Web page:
Utah became the latest state to expand Medicaid with CMS' approval Friday, but the curtailed plan goes against the will of the state's voters, who approved a full expansion in November. The approval includes work requirements and comes days after a federal judged knocked down similar work mandates in two states.
Instead of expanding Medicaid enrollment to people 138% of the federal poverty level, Utah will only grow the program to the poverty level. The plan also includes an enrollment cap. At the moment, it calls for Utah to pay for 30% of the Medicaid expansion costs rather than 10% in a regular expansion plan. Utah Gov. Gary Herbert said his state will soon ask the Trump administration to pay for 90% of the costs despite the state only partially expanding the public health program.
- The partial plan will cover between 70,000 and 90,000 people. The voter-backed plan would have covered another 40,000 people. According to a state analysis, it's expected to cost the state $50 million more than a full expansion, so in effect, Utah will have a smaller expansion program but pay more money.
This is the first time CMS has allowed a partial Medicaid expansion. Utah's green light may prompt other red states to seek partial expansions themselves.
More than a dozen, mostly Republican-leaning, states haven't expanded Medicaid. Utah's partial plan will likely interest states that don't want to grow Medicaid as much as the Affordable Care Act permits. States like Texas and Florida may be more interested in a smaller program, especially if they can get the same level of funding that's part of a full expansion.
However, one issue that might prevent states from seeking a partial Medicaid expansion is that the federal government won't pay 90% of Medicaid costs, which it does for full expansion. That means Utah will have to pick up more costs for Medicaid expansion than the three dozen states with full expansion.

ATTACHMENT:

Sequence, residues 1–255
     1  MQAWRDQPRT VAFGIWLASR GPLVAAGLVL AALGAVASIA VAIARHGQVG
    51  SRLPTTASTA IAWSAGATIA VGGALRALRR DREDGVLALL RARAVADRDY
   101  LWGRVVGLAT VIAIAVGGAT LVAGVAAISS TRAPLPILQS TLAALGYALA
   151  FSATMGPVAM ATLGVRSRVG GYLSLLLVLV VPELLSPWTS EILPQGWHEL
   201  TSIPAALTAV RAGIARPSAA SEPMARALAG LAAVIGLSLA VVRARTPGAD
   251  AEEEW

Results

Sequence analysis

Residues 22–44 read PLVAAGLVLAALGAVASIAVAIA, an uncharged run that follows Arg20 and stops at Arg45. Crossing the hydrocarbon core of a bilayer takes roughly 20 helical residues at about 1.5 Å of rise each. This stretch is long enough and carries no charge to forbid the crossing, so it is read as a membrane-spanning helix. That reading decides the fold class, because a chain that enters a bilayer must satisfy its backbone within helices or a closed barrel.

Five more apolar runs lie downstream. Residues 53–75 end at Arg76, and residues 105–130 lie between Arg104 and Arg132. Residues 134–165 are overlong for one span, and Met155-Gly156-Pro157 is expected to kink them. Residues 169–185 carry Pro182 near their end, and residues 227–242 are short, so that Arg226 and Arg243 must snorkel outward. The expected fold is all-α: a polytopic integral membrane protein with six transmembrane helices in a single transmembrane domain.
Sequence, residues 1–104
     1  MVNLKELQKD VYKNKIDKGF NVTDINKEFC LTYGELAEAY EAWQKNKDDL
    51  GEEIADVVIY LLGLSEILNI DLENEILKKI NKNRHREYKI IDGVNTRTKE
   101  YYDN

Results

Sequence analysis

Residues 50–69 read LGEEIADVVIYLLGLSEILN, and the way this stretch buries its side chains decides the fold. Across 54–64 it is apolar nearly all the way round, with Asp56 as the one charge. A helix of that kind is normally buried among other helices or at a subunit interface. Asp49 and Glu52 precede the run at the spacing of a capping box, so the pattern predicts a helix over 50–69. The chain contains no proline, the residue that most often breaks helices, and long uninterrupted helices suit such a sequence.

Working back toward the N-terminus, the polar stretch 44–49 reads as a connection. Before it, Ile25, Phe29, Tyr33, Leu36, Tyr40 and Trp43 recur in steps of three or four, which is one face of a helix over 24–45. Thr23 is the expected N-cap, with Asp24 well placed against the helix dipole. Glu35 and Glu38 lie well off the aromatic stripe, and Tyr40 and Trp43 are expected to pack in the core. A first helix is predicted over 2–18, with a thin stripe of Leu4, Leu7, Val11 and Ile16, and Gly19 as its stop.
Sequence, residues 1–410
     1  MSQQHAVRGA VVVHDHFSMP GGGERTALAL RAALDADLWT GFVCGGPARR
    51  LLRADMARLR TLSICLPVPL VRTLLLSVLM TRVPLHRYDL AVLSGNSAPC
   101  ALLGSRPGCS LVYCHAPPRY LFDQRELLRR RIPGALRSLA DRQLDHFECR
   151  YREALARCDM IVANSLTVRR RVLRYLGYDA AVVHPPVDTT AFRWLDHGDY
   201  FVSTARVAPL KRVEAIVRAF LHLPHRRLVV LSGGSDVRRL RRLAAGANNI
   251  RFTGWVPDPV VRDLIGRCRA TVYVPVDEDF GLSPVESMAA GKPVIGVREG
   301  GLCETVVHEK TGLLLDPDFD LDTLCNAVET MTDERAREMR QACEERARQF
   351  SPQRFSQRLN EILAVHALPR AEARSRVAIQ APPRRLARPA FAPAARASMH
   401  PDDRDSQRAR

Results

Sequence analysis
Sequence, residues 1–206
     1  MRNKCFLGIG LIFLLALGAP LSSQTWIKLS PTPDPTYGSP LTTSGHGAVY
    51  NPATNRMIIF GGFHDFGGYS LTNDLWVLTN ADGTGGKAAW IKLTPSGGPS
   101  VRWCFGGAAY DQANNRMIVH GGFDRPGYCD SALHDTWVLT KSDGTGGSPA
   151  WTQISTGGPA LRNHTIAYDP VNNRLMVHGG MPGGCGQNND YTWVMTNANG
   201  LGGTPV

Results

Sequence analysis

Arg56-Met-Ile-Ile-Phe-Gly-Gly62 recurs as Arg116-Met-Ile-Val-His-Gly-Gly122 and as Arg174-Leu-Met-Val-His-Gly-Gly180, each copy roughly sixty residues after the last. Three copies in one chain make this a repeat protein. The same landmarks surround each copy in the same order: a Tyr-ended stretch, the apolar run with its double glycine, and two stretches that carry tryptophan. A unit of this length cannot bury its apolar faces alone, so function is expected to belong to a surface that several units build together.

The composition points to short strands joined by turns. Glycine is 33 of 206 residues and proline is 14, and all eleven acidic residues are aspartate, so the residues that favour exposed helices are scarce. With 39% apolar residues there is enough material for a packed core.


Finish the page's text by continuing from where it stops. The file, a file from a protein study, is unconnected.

In a statement, Herbert said the state will soon submit a proposal asking CMS to provide more funding for Medicaid expansion. Utah will make "assurances on its costs and provide the state with additional flexibility to manage the program," he said.
A piece that will interest non-expansion states is the spending cap, which forces the state to keep close tabs on costs. The plan will let the state cap Medicaid expansion enrollment if spending exceeds projections. That means potentially fewer people getting Medicaid if Utah spends more than expected. Those people would still be eligible for ACA exchange plans though. Their income would also let them sign up for an ACA plan and enjoy tax credits to help pay for coverage.
The expansion is expected to launch Monday with the work requirement starting in 2020. Utah residents with an income up to about $12,492 for an individual or $25,752 for a family of four will be eligible for Medicaid under the new plan.
Utah is also the latest state to implement work requirements for Medicaid, an aspect of the plan likely to face additional scrutiny. The courts have already turned aside the work requirements for Arkansas and Kentucky. Kentucky had its work requirement rejected twice by the courts.
In the most recent case, U.S. District Judge James Boasberg issued dual rulings against the requirements. Boasberg questioned whether Arkansas' work requirements "would in fact help the state furnish medical assistance to its citizens, a central objective of Medicaid." Another issue with the Arkansas plan is that it reportedly led to more than 18,000 people losing Medicaid coverage, according to the Kaiser Family Foundation.
CMS is still reviewing work requirement projects for other states, including Alabama, Mississippi, Oklahoma, South Dakota, Tennessee and Virginia.